Worcestory Lesson: A ‘diabolical outrage’ in 1850

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Just after midnight on May 3, 1850, a bomb exploded at Mayor Henry Chapin’s office on Main and Sudbury streets. The explosion destroyed the contents of his office and severely damaged other businesses in the building.

Three nights later, a second bomb was set off at the home of Constable Charles Warren. While the explosion at the mayor’s office caused significant property damage, the one at Warren’s could have incurred a deadlier result. Warren later testified that his family was home and asleep at the time of the explosion, and fragments of the shell tore through his house.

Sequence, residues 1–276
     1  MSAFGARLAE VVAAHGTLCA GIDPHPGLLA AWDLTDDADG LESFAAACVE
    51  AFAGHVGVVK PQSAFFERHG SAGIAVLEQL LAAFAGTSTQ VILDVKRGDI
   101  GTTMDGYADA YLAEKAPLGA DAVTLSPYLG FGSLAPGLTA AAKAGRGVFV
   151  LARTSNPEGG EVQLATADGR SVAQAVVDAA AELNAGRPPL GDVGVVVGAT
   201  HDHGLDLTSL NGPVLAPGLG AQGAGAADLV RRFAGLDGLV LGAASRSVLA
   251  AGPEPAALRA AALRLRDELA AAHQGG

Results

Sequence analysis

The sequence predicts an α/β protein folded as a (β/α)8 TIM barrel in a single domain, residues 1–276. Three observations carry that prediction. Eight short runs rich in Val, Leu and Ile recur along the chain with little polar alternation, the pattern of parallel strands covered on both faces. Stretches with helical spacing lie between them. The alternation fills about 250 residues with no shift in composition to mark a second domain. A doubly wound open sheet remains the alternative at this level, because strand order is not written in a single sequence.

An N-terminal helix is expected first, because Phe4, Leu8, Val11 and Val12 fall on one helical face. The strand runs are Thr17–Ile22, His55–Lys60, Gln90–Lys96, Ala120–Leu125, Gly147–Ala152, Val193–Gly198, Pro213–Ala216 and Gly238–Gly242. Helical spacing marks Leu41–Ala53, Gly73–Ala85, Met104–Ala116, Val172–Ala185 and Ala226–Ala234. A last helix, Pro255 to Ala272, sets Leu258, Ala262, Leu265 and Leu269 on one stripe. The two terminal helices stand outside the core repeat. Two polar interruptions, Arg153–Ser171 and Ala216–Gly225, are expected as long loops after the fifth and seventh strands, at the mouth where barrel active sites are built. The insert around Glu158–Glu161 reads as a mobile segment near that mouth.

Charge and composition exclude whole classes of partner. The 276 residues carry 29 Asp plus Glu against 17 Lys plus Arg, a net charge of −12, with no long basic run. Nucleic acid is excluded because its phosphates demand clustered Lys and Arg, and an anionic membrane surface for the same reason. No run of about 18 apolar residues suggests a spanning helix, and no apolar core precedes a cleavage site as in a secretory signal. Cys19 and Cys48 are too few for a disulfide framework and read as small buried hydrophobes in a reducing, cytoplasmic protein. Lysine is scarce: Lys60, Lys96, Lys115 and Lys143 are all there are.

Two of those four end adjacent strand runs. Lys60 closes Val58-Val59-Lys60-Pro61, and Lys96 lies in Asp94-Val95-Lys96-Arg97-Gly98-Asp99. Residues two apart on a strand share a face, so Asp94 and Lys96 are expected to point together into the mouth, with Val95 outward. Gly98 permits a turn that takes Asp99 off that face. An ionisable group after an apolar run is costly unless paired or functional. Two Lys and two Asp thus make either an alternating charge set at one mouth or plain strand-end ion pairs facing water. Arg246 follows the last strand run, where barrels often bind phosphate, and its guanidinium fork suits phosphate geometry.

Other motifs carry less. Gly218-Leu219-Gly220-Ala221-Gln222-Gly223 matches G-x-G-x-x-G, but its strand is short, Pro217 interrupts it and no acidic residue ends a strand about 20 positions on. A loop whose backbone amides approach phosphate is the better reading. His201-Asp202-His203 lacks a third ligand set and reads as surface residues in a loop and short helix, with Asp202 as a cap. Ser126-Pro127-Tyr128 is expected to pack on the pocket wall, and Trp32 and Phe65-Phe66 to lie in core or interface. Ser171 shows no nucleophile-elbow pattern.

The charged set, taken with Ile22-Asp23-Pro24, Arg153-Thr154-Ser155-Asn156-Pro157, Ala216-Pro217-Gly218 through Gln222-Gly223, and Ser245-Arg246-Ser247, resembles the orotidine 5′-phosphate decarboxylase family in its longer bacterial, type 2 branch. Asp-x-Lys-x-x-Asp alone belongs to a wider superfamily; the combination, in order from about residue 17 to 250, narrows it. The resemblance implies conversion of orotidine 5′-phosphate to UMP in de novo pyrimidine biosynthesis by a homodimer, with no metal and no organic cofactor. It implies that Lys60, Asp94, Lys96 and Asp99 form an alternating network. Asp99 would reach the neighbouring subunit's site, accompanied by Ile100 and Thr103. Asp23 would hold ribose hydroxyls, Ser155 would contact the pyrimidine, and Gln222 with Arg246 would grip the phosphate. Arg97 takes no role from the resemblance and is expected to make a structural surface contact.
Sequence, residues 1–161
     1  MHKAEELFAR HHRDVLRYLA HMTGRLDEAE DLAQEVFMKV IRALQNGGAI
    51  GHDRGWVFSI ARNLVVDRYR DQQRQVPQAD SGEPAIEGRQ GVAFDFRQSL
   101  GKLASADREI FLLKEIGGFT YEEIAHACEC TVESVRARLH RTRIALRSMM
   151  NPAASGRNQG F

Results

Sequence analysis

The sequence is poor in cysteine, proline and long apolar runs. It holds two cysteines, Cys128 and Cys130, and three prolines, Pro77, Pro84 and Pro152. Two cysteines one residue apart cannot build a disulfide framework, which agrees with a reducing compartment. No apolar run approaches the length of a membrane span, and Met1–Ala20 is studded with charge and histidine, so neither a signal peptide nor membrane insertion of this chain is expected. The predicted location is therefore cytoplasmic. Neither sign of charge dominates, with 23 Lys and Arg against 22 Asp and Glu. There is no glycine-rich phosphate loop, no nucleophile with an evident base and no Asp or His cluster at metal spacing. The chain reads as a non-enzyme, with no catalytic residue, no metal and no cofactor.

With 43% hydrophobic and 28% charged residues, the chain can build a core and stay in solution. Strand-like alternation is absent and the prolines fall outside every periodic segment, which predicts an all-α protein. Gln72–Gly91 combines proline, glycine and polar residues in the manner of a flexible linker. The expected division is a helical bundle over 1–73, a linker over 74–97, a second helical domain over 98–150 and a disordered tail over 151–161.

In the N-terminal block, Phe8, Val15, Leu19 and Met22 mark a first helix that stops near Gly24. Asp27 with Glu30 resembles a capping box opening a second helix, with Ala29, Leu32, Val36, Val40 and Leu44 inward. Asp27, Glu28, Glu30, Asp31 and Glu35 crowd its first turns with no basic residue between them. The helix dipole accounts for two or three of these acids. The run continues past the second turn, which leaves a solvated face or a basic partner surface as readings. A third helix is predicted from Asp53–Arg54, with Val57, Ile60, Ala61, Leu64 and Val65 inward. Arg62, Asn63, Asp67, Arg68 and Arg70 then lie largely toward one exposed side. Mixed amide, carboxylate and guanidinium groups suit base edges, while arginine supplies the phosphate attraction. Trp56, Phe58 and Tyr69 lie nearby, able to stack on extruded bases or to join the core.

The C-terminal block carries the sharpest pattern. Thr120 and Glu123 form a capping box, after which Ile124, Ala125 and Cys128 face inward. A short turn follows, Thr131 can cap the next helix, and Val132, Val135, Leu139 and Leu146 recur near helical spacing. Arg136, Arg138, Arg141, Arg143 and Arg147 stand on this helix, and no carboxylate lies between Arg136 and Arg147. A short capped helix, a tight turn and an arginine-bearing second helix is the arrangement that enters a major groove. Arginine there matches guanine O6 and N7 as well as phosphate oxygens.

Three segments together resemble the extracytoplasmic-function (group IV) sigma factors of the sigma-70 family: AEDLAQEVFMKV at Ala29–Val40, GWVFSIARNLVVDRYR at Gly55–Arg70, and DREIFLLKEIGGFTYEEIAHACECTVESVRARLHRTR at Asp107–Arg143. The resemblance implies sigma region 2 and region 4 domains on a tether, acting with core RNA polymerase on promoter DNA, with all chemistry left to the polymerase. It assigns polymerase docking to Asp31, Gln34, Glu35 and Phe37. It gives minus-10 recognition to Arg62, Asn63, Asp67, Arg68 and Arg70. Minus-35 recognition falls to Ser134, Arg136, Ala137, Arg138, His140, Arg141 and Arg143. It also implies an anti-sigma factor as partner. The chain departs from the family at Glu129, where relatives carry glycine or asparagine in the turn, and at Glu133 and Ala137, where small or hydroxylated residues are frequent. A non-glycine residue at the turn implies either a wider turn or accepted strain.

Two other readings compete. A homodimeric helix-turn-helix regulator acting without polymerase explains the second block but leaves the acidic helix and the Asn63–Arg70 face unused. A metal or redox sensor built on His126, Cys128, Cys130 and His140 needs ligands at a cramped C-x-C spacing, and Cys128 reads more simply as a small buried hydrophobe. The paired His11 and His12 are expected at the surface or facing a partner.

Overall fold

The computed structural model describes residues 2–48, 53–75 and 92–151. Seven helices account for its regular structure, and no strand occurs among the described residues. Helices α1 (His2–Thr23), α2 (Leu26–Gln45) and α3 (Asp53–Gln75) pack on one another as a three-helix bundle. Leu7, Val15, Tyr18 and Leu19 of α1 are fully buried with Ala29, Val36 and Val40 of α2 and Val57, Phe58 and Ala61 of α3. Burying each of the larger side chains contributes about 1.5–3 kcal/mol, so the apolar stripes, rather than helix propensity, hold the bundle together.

Worcester’s second mayor, Henry Chapin (first one bombed).

Courtesy Worcester Historical Museum

Worcester’s second mayor, Henry Chapin (first one bombed).

These two almost forgotten events in Worcester’s history drew in the politics of two of the 19th century’s most fiercely debated issues, temperance and slavery.

The explosions foreshadowed the violence that would one day accompany the national prohibition of alcohol from 1920 to 1933.

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